Australians have never been a particularly fervent nation of flag wavers, being rightly sceptical of overt displays of patriotism.
That doesn’t mean that people not so enamoured of the current flag are any less loyal than those who drape themselves with it in public.
Greens MP Adam Bandt reignited the debate about whether the Australian flag, with its prominent Union Jack in the corner, reflects the nation we have become or respected the First Nations who fell under British dominion.
He is refusing to stand before it during press conferences, attracting derision from conservatives and warnings from the likes of the Prime Minister that it was a divisive act that did not serve a nation in need of coming together.
Even First Nation’s representatives are undecided about his stand.
It’s also probably seen as a distraction from the considerable number of thorny issues the government has to contend with, even though it now has an Assistant Minister for the Republic.
Labor Prime Minister Paul Keating famously folded the flag so it would not show the Union Jack.
Later he said: “I do not believe that the symbols and the expression of the full sovereignty of Australian nationhood can ever be complete while we have a flag with the flag of another country on the corner of it.”
It was Liberal PM John Howard who raised the flag to a new status. His government passed legislation in 1998 to ensure that it could only be changed if the electorate approved an alternative design and that the existing flag should always be one of the choices offered at a national vote.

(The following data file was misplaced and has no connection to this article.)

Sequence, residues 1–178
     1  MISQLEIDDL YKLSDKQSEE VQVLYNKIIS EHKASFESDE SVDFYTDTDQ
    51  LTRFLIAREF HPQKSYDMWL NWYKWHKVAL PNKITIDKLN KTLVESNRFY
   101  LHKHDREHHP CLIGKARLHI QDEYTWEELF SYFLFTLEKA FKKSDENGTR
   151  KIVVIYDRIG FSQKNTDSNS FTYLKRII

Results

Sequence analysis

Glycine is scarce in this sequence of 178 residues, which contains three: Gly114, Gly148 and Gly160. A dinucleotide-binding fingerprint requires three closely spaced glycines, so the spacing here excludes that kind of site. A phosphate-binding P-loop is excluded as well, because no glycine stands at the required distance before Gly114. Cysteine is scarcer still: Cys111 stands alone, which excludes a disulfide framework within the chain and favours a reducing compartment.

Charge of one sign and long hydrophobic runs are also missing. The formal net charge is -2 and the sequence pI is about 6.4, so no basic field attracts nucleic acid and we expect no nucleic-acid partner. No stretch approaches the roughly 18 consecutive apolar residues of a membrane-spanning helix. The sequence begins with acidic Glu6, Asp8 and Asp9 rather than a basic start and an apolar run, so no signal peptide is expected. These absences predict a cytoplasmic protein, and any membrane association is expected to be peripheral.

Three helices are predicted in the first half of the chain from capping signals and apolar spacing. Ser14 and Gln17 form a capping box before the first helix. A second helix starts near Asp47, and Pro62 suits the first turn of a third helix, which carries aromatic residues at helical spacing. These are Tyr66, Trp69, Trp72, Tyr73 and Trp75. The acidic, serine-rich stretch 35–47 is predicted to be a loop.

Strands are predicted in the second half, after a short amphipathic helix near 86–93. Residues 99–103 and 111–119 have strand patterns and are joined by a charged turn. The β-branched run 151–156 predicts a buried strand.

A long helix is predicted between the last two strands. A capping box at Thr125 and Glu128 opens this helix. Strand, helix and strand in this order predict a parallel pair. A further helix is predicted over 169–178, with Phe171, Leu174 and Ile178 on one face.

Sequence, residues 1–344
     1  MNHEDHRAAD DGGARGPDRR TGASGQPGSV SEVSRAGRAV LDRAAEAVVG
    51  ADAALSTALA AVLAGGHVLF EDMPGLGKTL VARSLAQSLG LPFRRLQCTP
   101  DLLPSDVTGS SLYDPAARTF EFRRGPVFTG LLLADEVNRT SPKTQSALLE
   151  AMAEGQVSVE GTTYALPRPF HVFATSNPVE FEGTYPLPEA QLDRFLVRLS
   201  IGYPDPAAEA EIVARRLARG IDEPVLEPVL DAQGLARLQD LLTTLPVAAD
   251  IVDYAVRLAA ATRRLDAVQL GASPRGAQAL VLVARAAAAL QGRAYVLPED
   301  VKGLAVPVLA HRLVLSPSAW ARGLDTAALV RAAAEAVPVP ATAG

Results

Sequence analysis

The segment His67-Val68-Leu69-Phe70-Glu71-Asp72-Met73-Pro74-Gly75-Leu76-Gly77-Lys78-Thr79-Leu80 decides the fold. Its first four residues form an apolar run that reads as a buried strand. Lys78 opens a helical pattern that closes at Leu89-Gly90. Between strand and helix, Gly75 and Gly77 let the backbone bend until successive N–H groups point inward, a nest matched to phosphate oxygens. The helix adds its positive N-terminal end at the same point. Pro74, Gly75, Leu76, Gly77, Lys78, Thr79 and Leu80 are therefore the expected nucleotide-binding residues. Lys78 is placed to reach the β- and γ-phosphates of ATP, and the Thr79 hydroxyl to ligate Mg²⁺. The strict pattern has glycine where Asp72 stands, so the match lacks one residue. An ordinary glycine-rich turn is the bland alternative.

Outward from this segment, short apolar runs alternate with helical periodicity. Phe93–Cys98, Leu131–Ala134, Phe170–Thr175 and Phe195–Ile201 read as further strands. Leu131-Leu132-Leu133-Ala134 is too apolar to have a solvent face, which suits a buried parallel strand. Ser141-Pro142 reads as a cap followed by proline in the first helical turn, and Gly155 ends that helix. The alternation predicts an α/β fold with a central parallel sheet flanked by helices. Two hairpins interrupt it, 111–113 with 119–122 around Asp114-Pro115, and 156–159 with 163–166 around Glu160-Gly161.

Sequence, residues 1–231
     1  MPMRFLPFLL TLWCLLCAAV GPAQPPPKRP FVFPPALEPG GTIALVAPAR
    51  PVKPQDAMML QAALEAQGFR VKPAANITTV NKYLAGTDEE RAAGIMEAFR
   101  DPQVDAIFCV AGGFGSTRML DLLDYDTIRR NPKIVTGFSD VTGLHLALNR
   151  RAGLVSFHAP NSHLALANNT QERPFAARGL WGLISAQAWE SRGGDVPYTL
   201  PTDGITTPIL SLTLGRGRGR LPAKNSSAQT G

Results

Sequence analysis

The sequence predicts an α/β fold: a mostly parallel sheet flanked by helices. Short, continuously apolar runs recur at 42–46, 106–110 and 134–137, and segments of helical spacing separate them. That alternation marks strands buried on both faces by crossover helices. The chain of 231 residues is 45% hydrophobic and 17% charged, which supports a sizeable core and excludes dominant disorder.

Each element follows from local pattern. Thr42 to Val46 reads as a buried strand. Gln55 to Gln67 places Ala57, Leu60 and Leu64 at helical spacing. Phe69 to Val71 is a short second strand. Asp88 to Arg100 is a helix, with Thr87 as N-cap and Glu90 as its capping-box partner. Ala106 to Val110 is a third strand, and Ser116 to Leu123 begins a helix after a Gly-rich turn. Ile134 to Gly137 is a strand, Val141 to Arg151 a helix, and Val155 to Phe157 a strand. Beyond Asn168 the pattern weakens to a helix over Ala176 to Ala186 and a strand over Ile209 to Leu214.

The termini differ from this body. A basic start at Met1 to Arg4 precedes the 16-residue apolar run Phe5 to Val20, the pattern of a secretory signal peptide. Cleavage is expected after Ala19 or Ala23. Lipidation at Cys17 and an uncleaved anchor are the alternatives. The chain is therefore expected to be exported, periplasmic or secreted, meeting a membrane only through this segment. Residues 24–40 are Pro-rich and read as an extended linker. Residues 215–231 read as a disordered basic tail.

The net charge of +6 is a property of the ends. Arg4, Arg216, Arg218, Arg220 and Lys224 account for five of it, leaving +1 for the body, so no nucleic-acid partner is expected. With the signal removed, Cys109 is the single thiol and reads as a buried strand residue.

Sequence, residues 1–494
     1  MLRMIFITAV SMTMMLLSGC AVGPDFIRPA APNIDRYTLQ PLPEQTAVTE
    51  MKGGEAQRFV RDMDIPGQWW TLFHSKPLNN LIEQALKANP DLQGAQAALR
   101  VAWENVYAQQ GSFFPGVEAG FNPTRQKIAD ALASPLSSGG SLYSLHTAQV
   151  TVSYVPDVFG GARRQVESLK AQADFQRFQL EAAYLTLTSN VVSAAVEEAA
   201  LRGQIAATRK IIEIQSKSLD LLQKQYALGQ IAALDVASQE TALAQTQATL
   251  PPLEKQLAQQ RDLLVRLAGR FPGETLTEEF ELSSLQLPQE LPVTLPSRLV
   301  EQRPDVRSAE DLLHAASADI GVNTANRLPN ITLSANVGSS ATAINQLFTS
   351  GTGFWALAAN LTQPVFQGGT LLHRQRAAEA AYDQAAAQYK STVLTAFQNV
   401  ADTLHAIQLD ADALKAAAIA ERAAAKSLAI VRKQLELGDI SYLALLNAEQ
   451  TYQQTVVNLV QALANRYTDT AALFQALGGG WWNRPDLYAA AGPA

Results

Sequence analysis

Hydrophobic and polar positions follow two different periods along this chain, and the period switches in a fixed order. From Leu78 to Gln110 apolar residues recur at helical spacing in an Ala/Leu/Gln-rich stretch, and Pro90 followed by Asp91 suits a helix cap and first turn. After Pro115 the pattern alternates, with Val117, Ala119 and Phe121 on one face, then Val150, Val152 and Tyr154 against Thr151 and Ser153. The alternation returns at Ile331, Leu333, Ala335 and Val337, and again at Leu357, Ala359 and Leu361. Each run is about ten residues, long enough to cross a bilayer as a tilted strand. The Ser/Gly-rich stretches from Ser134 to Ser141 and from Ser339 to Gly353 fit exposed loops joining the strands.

Calling it Australia’s oldest national symbol, Howard also promoted the Anzac myth more than any other politician. He turned the annual commemoration and Australia Day into outpourings of nationalistic fervour that required plenty of flags.
It is often argued that Australians fought under the flag, the Blue Ensign created after Federation, but in truth, it was mostly the Union Jack or, at sea, the Australian Red Ensign. In fact, it wasn’t until 1954 that Australia adopted the Blue Ensign as the national flag.
Howard understood the power of symbols and while he said the legislation would mean the flag did not belong to any one political party, he knew in the lead-up to the 1999 referendum on the Republic that it would continue to tie Australia to Britain and hopefully the conservative values he espoused.
The result is that there are now plenty of people who will appropriate the flag for their causes to link them to what they see as the national interest.
From Cronulla to the Canberra convoys, the flag has been a prominent feature, and sometimes not used honourably.
It also means that the flag has become more accepted and enmeshed in the national identity, and so much harder to change.
Mr Bandt can be accused of grandstanding, maybe fuelled by his party’s relative success at the recent election, but his action does raise some questions that bear some thinking about.
Why do politicians have to stand before a clutch of flags to tell us things? Does it make them and what they say any more important?
Can a flag that includes the Union Jack, itself a symbol under question in non-English areas of the UK, be a symbol of unity in such a multicultural country?
Then there is the continuing confusion overseas when the Australian and New Zealand flags are flown, not to mention the bunch of other Commonwealth countries that also use a Union Jack in their designs.
Of all the issues confronting the country, the flag is not high on the list.
But it would be useful if people put aside knee-jerk reactions, didn’t accept the mythmaking around the flag and thought about whether it really did represent all Australians.
Whatever design it may be, the less nationalistic waving and draping, the better.